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Structural, Biochemical and Genetic Characterization of Dissimilatory ATP Sulfurylase from Allochromatium vinosum

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      Abstract

      ATP sulfurylase (ATPS) catalyzes a key reaction in the global sulfur cycle by reversibly converting inorganic sulfate (SO 4 2−) with ATP to adenosine 5′-phosphosulfate (APS) and pyrophosphate (PP i). In this work we report on the sat encoded dissimilatory ATP sulfurylase from the sulfur-oxidizing purple sulfur bacterium Allochromatium vinosum. In this organism, the sat gene is located in one operon and co-transcribed with the aprMBA genes for membrane-bound APS reductase. Like APS reductase, Sat is dispensible for growth on reduced sulfur compounds due to the presence of an alternate, so far unidentified sulfite-oxidizing pathway in A. vinosum. Sulfate assimilation also proceeds independently of Sat by a separate pathway involving a cysDN-encoded assimilatory ATP sulfurylase. We produced the purple bacterial sat-encoded ATP sulfurylase as a recombinant protein in E. coli, determined crucial kinetic parameters and obtained a crystal structure in an open state with a ligand-free active site. By comparison with several known structures of the ATPS-APS complex in the closed state a scenario about substrate-induced conformational changes was worked out. Despite different kinetic properties ATPS involved in sulfur-oxidizing and sulfate-reducing processes are not distinguishable on a structural level presumably due to the interference between functional and evolutionary processes.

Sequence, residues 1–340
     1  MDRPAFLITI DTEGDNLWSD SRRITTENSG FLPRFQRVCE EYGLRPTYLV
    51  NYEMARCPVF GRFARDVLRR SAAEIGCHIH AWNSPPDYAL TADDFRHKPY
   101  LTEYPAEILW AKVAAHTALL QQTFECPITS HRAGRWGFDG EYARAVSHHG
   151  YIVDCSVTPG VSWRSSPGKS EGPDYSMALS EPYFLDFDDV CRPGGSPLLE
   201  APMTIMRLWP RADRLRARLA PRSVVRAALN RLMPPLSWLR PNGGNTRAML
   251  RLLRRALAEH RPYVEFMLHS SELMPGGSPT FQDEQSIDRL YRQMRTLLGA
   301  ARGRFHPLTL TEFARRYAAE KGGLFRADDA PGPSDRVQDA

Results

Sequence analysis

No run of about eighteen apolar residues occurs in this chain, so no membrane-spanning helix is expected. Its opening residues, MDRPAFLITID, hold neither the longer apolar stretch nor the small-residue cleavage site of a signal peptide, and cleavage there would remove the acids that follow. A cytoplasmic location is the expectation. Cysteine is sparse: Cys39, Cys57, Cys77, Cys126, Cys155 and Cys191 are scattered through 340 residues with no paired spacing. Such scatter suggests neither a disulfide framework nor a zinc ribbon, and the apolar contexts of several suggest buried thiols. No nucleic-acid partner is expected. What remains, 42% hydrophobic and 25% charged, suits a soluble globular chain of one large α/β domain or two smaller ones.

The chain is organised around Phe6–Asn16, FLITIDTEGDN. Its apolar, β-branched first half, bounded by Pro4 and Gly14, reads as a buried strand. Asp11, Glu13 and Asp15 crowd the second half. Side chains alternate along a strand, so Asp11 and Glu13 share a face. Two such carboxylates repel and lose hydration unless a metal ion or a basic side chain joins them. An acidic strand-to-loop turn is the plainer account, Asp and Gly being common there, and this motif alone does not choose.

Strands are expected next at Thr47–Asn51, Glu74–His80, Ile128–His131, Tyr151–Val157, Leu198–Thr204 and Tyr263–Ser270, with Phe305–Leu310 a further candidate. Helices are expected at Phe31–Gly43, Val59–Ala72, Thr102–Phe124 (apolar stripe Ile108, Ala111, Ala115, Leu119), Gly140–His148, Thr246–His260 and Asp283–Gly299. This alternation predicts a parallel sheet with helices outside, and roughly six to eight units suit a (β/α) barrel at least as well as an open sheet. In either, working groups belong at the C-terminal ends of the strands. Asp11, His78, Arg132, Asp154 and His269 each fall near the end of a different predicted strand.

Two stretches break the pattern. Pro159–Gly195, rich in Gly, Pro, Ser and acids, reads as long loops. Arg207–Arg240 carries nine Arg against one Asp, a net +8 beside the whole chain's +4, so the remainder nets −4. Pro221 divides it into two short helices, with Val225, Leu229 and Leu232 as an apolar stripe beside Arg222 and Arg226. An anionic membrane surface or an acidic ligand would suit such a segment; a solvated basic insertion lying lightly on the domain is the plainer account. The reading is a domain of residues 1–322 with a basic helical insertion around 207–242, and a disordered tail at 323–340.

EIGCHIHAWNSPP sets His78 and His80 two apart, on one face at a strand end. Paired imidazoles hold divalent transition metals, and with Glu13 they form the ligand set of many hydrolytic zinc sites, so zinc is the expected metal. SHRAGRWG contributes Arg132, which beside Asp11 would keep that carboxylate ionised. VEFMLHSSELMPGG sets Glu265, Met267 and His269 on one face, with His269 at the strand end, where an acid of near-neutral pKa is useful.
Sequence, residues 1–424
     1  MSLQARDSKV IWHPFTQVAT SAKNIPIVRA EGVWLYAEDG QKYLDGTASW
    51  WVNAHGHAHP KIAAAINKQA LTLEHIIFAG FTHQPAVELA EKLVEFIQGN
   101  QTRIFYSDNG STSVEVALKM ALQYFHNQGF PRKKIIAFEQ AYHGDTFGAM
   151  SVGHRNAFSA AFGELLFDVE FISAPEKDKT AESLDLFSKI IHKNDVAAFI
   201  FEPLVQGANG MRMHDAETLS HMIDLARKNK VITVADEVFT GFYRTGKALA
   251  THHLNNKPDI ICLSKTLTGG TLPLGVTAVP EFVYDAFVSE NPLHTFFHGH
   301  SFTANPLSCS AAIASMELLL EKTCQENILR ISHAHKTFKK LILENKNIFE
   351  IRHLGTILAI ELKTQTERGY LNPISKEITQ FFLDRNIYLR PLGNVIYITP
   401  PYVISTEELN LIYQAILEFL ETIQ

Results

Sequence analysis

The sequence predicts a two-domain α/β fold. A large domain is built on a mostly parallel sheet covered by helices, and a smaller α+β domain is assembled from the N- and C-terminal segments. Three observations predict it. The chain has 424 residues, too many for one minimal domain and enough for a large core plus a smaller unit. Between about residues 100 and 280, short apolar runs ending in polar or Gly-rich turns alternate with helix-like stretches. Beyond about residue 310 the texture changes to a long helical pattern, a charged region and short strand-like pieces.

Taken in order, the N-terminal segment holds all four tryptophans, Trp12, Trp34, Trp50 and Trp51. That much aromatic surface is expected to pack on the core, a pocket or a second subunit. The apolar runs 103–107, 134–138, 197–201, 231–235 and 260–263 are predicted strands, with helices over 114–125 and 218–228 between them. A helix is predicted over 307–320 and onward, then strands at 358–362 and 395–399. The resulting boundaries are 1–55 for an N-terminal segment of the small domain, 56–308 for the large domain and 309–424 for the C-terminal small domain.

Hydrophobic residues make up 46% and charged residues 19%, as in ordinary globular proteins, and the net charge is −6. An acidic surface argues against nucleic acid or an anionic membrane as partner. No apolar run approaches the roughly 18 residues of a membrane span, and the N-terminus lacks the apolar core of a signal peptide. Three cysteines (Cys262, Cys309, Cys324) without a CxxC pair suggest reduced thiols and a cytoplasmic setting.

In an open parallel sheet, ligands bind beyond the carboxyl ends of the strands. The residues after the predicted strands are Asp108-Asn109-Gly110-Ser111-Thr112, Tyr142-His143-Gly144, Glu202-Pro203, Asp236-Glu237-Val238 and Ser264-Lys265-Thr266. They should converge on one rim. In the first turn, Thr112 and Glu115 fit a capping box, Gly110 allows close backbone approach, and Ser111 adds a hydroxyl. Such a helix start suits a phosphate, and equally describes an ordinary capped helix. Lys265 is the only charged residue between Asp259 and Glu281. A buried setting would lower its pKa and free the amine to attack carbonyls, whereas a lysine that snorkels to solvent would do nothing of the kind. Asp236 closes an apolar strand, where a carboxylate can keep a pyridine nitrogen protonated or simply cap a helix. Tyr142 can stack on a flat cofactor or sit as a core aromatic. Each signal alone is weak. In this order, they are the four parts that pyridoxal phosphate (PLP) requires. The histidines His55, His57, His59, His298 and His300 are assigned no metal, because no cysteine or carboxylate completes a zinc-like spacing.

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      Most cited references 40

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      CLUSTAL X is a new windows interface for the widely-used progressive multiple sequence alignment program CLUSTAL W. The new system is easy to use, providing an integrated system for performing multiple sequence and profile alignments and analysing the results. CLUSTAL X displays the sequence alignment in a window on the screen. A versatile sequence colouring scheme allows the user to highlight conserved features in the alignment. Pull-down menus provide all the options required for traditional multiple sequence and profile alignment. New features include: the ability to cut-and-paste sequences to change the order of the alignment, selection of a subset of the sequences to be realigned, and selection of a sub-range of the alignment to be realigned and inserted back into the original alignment. Alignment quality analysis can be performed and low-scoring segments or exceptional residues can be highlighted. Quality analysis and realignment of selected residue ranges provide the user with a powerful tool to improve and refine difficult alignments and to trap errors in input sequences. CLUSTAL X has been compiled on SUN Solaris, IRIX5.3 on Silicon Graphics, Digital UNIX on DECstations, Microsoft Windows (32 bit) for PCs, Linux ELF for x86 PCs, and Macintosh PowerMac.
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        Refinement of macromolecular structures by the maximum-likelihood method.